The other day I visited an astounding library of forgotten paper. Located in San Francisco, in a large utilitarian room in a drab building, the Prelinger Library is an electrifying planetary power spot. Sparks of inspiration, adoration, amazement, and love issue from between the towering stacks of paper and tapes. While I am busily migrating as fast as I can to ebooks and screen publishing, a visit to this temple of paper gave me many second thoughts. This was serious paper power.
When I walked through the front door of the library unannounced I saw this: two folks sitting at a table, one reading a lap top and one reading a huge old book filled with engravings. The guy on the left is Rick Prelinger and the gal on the right is his partner Megan Shaw Prelinger. Together they have amassed this ark of books, video and ephemera, focusing on the role of landscape and technology in the 20th century. The library is "appropriation friendly." They encourage visitors to scan books, photograph pages, share, quote, post, twitter, alter, remix, and use the content as much as possible. (The library is open to the public every Wednesday and other times by appointment.)
For many years Rick has been collecting boring corporation and government educational films, zines, phone books, self-published tracks, technical monographs, trade publications, and all kinds of revealing material that is normally thrown away and not collected by proper libraries. At the same time, poor public libraries face cuts, so they have been tossing out valuable collections of Communications Monthly from the 1930s, or Electric Railway Review, and these the Prelingers have saved in their library. This has yielded a treasure house of intimate accounts of what was really happening in the last century.
I spent an hour in orgasmic glee dipping into the stacks of old engineering magazines from the 50s, filled with astounding advertisements. There were endless volumes of US trade mark books, stuff to the brim with tens of thousands of brilliant logos and graphics and brands from the turn of the century -- all forgotten but still potent today. There were the plans and worries and dreams of the folks building the interstate highway system, in glorious details in dozens of journals. There were found home videos about life in the suburbs. Everywhere I turned, something vibrant rose to life.
So why was this different than getting lost in Google Books, or the web itself?
In some ways it is very similar and offers a similar serendipity. But stacks of paper offer several user experiences that are superior to online browsing.
First, the speed of browsing in person is so much faster than browsing through files online that it really should be called something else because it feels like a different experience. In the stacks it is closer to exploring. I can pick up a bound book and drive through it tens of times faster, with more accuracy, and better retention. It is partially a matter of a faster "refresh rate" with paper books -- one can flip pagers faster than clicking -- and partly the ability to navigate in 3D, seeing where I am in the whole between the beginning and end.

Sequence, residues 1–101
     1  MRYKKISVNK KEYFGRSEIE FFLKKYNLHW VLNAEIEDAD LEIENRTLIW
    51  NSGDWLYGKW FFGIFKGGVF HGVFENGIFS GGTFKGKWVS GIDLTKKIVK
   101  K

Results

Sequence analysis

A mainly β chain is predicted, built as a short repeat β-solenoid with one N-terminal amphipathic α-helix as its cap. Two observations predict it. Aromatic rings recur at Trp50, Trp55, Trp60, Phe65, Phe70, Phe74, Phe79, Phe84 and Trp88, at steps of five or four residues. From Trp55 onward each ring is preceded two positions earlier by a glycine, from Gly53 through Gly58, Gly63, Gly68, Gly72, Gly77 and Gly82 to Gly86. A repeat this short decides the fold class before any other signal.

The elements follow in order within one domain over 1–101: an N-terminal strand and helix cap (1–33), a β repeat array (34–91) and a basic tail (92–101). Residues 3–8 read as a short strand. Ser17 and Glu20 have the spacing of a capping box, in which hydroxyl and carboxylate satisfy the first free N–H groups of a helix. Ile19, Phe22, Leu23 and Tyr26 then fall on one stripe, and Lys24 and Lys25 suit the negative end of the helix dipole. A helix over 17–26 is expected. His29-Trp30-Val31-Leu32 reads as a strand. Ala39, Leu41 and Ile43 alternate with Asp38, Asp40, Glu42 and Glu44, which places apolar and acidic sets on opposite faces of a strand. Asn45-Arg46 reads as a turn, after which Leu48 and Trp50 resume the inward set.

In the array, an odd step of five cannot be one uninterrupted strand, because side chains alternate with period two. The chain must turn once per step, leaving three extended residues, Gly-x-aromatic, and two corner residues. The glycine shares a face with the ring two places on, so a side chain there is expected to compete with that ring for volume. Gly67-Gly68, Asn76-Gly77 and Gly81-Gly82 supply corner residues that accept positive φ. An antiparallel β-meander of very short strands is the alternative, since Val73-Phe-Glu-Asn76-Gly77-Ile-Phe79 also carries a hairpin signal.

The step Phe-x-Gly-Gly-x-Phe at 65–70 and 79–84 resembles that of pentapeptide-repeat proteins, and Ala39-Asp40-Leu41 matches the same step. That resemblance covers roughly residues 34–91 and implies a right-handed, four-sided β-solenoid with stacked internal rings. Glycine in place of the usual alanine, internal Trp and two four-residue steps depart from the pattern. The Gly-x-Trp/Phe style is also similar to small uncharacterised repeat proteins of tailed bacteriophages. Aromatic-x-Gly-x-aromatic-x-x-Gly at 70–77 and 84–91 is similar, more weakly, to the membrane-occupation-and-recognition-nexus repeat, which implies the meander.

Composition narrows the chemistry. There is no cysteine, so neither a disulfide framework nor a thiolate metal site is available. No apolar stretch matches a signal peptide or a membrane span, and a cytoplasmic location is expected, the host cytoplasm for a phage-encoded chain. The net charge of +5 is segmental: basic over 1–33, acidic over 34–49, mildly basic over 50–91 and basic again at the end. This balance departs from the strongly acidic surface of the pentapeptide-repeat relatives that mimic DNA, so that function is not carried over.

Secondly, the speed of exploring between books in the library is much faster than browsing online. And despite the recommendations offered by Google (or Amazon), the quality of gems one finds in exploring the adjacent shelf in a library does not always match those found by algorithm (though that is getting better all the time.) There is a fluidity near to dance in soaring from one book to another -- especially when nearly every volume in this highly select library is a gem.
Thirdly, the tactile dimension of the screen is yet not on par with the often large pages (much bigger than your iPad or laptop screen), the very thick books, the smooth papers and crisp inks. You can SEE. And see without tiring.
Fourth, most of this stuff is not digital yet. It is still only found on paper.
Finally, and I think most importantly, this is a collection, a library, that has been seriously, intelligently, brilliantly curated, so you get the best. Every touch is rewarded. That keeps you going.
I didn't want to leave. Entering into these stacks of old magazines, and old time adverts, and newsletters from proto-hackers, and the earliest nerds before they were cool, and the annals of progress as written by bureaucrats, and the photographic evidence of rapid change in our own neighborhoods -- how could I turn away? It was intoxicating. There was some might gravity in these paper artifacts that pulled me toward them, and even now sitting 8 miles away in my office I can still feel the pull of these remarkable documents. Everyone of them came close to being dumped, burned or recycled. But here they are in this ark, preserved for sharing.
Someday, if the Prelinger's dreams come true, anyone WILL be able to browse this extraordinary library from a screen in Nepal, or Libya, or Peru. (Thus the laptop next to the book on the front desk.) But nonetheless, it will still be worth a pilgrimage to the stacks, just to tap into its unmediated browsing power. And when you come, bring a gift for the stacks of a view of the technium that almost got thrown away.